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This guy sold his share in Church's Chicken and retired to 5,500 acres of overgrazed land in Texas. He paid to have seven wells drilled 500 feet, but none of them produced any water. He planted grass all over, the soil absorbed water again, and the aquifers filled. Now there are a number of springs and everything is nice and green:

I was surprised when he said they cut down cedars in favor of grasses, but the someone commented the cedars were not native, but the grasses were. The cedars took too much water.
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Old 05-04-2019, 08:35 AM   #3 (permalink)
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Apparently Australia had laws that rivers and streamed should be cleared of obstacles, so the water could flow freely. This guy intentionally and repeatedly broke the law, proving that when water slows down, soil and plants can use it, improving everything. He argued that otherwise the rain flowed unhindered into the ocean. One thing he did was dam up streams and put in plants to make use of the water. Presumably, the water eventually flowed, so there did not seem to be any drawbacks.

Politicians and alleged experts insisted that his property was unique and the techniques would not work anywhere else.

This documentary shows clips of Peter Andres, but he had recently passed away.

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Old 05-04-2019, 08:43 AM   #4 (permalink)
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This guy says that 96% of old growth forests in the U.S. have been cut down and 98% of redwoods, the oldest and tallest trees, which can grow ten feet a year. He found the ten biggest stumps, collected clippings, and they have grown hundreds of seedlings from them, which they are planting in Oregon.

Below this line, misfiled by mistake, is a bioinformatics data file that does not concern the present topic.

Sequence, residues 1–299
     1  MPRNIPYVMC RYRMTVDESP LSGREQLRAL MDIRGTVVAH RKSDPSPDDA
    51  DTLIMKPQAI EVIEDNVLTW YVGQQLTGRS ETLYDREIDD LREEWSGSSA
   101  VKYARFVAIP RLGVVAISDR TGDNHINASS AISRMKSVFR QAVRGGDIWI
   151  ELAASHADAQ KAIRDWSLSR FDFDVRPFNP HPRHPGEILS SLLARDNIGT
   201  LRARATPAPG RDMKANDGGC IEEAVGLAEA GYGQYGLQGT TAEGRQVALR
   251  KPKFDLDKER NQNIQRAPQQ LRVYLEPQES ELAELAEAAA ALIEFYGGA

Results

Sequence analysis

I sure thought that Oregon had plenty of trees, but they showed a field with only dead trees, so I guess there is almost always room for more trees.

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Old 05-04-2019, 08:55 AM   #5 (permalink)
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I finally found it. He uses an ancient technique called Zai where he digs holes, fills them with compost and fertilizer, and plants trees--during the dry season.

Were they not using compost and fertilizer? Another video gave that detail. They said the other farmers called him mad until they saw the results.

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Old 05-04-2019, 01:22 PM   #6 (permalink)
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Originally Posted by Xist View Post
I sure thought that Oregon had plenty of trees, but they showed a field with only dead trees, so I guess there is almost always room for more trees.
That depends on what part of Oregon you're looking at. Western Oregon, yes. Eastern Oregon is semi-desert, with trees on the mountains, sagebrush &c most everywhere else.
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Old 05-04-2019, 01:29 PM   #7 (permalink)